Reid Hoffman, co-founder of Linked-In, said, “Don’t be a know it all, be a learn it all.”
I agree with the sentiment. Literally you can’t know it all, but you can be committed to continuous learning. Any of us can increase our bandwidth for new information and better ideas.
Thomas Young is the polymath considered by some to be the last person to know everything. He died in 1829.
Knowing that you can’t know it all balanced by the quest to learn as much as possible keeps you humble and hungry. Here’s why neither you nor I will ever know it all.
1. Some things you only learn with age.
You can be “wise beyond your years,” but you will be even wiser with more years of life experience under your belt.
I once heard John Bradshaw say, “There are some issues with your significant other you will never experience until you marry. That’s why they’re called ‘marital issues.'”
The same is true with age. There are just some things you can’t truly know until you’ve lived them and had a chance–over time–to draw out the lessons.
2. Some things you only learn with experience.
Knowledge can be direct or indirect. You can tell me about your visit to Thailand, and I will know more than I did about that country than before our conversation. But if I visit Thailand, my increase in knowledge with be richer.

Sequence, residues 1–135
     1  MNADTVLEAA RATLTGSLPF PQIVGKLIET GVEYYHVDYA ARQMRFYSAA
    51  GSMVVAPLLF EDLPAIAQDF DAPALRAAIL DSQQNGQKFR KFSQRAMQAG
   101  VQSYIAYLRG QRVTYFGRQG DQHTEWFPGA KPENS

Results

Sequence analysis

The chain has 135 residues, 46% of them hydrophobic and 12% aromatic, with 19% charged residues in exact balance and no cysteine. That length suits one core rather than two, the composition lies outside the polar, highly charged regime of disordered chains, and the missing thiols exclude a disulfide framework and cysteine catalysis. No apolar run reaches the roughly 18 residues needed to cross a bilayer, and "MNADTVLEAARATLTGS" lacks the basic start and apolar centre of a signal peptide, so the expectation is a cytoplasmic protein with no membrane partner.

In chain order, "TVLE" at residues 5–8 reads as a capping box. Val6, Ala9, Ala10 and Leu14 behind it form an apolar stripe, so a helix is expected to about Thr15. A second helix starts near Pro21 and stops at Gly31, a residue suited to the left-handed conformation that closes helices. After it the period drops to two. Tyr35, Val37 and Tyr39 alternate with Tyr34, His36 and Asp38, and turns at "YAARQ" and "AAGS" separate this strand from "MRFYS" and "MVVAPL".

I’ve always made the case for trying lots of things, not just to find what you like or dislike, but to add to your cadre of knowledge.
Importantly, experience in and of itself won’t teach you much. It is up to you to find and extract the lessons.
3. Some things you thought you learned need to be unlearned
There are some things I believed in the past that I no longer believe. I had reason to believe them then, but new information, experience and age combined to change my thinking. Letting go of outdated or inaccurate information is difficult. We are creatures of habit, often looking for the path of least resistance. To unlearn you’ve got to be willing to closely examine what you believe and why. Too much bad information in your brain takes up space better used by better ideas.
4. New ideas are being discovered all the time.
Especially in the sciences, there are things that can’t be learned for the simple reason that they are not yet known.
Depending on the source, the amount of knowledge and/or data (the two are not the same) in the world is doubling every 13 to 24 months.
Finding useful ideas and applications requires converting data into knowledge, and that isn’t easy. But the sheer magnitude of resources available to us over time is staggering
You nor I will ever know it all. Bad news? Not at all.
I find it exciting that regardless of age or experience, there are still exciting and interesting things to learn about and to add the reservoir of knowledge we posses. Whether we learn for practical reasons or just for fun (and I try always to combine the two), there isn’t a better time to be alive when we can be assured we will have never learned it all.
Mark Sanborn is an award winning speaker and Leadership Expert in Residence at High Point University, the Premier Life Skills University. For more information about his work, visit www.marksanborn.com.